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Coordination geometry

The term coordination geometry is used in a number of related fields of chemistry and solid state chemistry/physics.

Contents

MoleculesEdit

The coordination geometry of an atom is the geometrical pattern formed by atoms around the central atom.

Inorganic coordination complexesEdit

In the field of inorganic coordination complexes it is the geometrical pattern formed by the atoms in the ligands that are bonded to the central atom in a molecule or a coordination complex. The geometrical arrangement will vary according to the number and type of ligands bonded to the metal centre, and to the coordination preference of the central atom, typically a metal in a coordination complex. The number of atoms bonded, (i.e. the number of σ-bonds between central atom and ligands) is termed the coordination number. The geometrical pattern can be described as a polyhedron where the vertices of the polyhedron are the centres of the coordinating atoms in the ligands.[1]

The coordination preference of a metal often varies with its oxidation state. The number of coordination bonds (coordination number) can vary from two as high as 20 in Th(η5-C5H5)4.[2]

One of the most common coordination geometries is octahedral, where six ligands are coordinated to the metal in a symmetrical distribution, leading to the formation of an octahedron if lines were drawn between the ligands. Other common coordination geometries are tetrahedral and square planar.

Crystal field theory may be used to explain the relative stabilities of transition metal compounds of different coordination geometry, as well as the presence or absence of paramagnetism, whereas VSEPR may be used for complexes of main group element to predict geometry.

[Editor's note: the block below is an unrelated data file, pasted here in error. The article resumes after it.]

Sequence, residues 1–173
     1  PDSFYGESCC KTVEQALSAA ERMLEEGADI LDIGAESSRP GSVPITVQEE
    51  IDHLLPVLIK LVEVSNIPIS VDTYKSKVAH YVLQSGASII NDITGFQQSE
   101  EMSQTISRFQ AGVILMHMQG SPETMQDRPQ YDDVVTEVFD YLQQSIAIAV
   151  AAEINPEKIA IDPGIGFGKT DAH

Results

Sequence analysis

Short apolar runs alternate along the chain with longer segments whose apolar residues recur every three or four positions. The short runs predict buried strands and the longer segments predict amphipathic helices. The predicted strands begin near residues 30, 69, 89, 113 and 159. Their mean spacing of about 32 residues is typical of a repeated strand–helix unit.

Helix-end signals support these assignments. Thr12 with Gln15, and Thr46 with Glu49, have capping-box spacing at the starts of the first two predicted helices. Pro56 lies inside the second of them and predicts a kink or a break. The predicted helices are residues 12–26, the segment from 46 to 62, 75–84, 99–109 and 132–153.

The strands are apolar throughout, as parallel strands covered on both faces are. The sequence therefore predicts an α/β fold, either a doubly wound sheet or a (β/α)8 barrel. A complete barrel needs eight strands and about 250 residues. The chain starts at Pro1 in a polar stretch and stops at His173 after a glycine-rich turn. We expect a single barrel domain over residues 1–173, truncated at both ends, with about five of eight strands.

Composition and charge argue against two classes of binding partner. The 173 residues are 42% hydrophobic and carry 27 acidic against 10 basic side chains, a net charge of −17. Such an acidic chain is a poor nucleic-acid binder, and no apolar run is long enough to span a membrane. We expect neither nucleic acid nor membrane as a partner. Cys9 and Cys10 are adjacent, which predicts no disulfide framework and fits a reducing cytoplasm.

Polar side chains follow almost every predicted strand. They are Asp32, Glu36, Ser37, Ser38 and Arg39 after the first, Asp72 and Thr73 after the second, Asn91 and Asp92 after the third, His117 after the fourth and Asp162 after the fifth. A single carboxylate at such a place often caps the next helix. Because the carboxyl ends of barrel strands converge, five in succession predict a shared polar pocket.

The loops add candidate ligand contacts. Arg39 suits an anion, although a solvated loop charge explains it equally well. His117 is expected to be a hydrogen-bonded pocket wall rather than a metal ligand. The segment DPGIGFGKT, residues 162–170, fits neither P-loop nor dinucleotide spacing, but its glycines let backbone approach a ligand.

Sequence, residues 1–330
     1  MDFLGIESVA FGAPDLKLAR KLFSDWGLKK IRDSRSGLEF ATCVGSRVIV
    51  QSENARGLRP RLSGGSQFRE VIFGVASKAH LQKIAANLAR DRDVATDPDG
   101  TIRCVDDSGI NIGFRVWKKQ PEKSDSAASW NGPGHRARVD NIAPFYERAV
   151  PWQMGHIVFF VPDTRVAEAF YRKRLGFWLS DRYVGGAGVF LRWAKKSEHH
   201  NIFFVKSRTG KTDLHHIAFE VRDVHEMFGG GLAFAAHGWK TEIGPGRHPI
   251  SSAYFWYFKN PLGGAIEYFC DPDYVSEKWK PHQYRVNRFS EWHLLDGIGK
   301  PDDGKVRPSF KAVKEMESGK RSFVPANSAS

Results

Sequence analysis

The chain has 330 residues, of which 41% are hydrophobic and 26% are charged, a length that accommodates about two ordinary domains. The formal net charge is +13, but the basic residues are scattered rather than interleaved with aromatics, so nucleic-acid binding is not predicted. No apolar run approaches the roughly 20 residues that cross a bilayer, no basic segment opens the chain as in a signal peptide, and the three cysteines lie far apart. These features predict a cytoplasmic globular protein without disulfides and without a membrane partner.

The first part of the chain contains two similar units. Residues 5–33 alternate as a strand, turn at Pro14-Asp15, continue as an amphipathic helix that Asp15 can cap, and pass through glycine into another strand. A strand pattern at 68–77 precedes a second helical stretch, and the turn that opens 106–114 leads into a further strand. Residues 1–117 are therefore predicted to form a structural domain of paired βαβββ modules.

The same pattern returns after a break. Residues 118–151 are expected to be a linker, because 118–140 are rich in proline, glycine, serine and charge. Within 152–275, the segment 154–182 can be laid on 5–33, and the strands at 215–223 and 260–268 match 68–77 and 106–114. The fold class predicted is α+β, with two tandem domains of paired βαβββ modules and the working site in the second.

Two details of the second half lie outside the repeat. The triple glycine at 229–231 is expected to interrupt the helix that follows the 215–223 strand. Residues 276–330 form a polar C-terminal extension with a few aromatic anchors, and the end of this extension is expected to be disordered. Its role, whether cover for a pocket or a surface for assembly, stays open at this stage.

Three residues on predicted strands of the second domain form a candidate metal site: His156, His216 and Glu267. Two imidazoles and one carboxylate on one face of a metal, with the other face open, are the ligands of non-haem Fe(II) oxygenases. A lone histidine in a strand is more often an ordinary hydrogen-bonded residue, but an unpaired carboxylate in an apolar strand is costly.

Crystallography usageEdit

In a crystal structure the coordination geometry of an atom is the geometrical pattern of coordinating atoms where the definition of coordinating atoms depends on the bonding model used.[1] For example, in the rock salt ionic structure each sodium atom has six near neighbour chloride ions in an octahedral geometry and each chloride has similarly six near neighbour sodium ions in an octahedral geometry. In metals with the body centred cubic (bcc) structure each atom has eight nearest neighbours in a cubic geometry. In metals with the face centred cubic (fcc) structure each atom has twelve nearest neighbours in a cuboctahedral geometry.

Table of coordination geometriesEdit

A table of the coordination geometries encountered is shown below with examples of their occurrence in complexes found as discrete units in compounds and coordination spheres around atoms in crystals (where there is no discrete complex).

Coordination number Geometry Examples of discrete (finite) complex Examples in crystals
2 linear   Ag(CN)2 in KAg(CN)2 [3] Ag in silver cyanide,
Au in AuI [2]
3 trigonal planar   HgI3[2] O in TiO2 rutile structure[3]
4 tetrahedral   CoCl42−[2] Zn and S in zinc sulfide, Si in silicon dioxide[3]
4 square planar   AgF4[2] CuO[3]
5 trigonal bipyramidal   SnCl5[3]
5 square pyramidal   InCl52− in (NEt4)2InCl5[2]
6 octahedral   Fe(H2O)62+[2] Na and Cl in NaCl[3]
6 trigonal prismatic   W(CH3)6[4] As in NiAs, Mo in MoS2[3]
7 pentagonal bipyramidal   ZrF73− in (NH4)3ZrF7[3] Pa in PaCl5
7 capped octahedral   MoF7[5] La in A-La2O3